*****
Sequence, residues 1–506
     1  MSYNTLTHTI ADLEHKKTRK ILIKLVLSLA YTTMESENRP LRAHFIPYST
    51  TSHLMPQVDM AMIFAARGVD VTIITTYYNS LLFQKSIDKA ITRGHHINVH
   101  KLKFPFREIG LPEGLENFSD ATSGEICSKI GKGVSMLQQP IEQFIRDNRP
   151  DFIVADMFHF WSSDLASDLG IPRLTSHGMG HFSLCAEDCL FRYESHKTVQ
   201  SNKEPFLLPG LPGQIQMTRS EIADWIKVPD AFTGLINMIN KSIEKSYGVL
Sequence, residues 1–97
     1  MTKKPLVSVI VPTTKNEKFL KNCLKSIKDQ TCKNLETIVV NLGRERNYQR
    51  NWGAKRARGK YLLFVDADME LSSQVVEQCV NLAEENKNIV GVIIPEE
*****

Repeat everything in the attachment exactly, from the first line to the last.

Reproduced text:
Sequence, residues 1–506
     1  MSYNTLTHTI ADLEHKKTRK ILIKLVLSLA YTTMESENRP LRAHFIPYST
    51  TSHLMPQVDM AMIFAARGVD VTIITTYYNS LLFQKSIDKA ITRGHHINVH
   101  KLKFPFREIG LPEGLENFSD ATSGEICSKI GKGVSMLQQP IEQFIRDNRP
   151  DFIVADMFHF WSSDLASDLG IPRLTSHGMG HFSLCAEDCL FRYESHKTVQ
   201  SNKEPFLLPG LPGQIQMTRS EIADWIKVPD AFTGLINMIN KSIEKSYGVL
Sequence, residues 1–97
     1  MTKKPLVSVI VPTTKNEKFL KNCLKSIKDQ TCKNLETIVV NLGRERNYQR
    51  NWGAKRARGK YLLFVDADME LSSQVVEQCV NLAEENKNIV GVIIPEE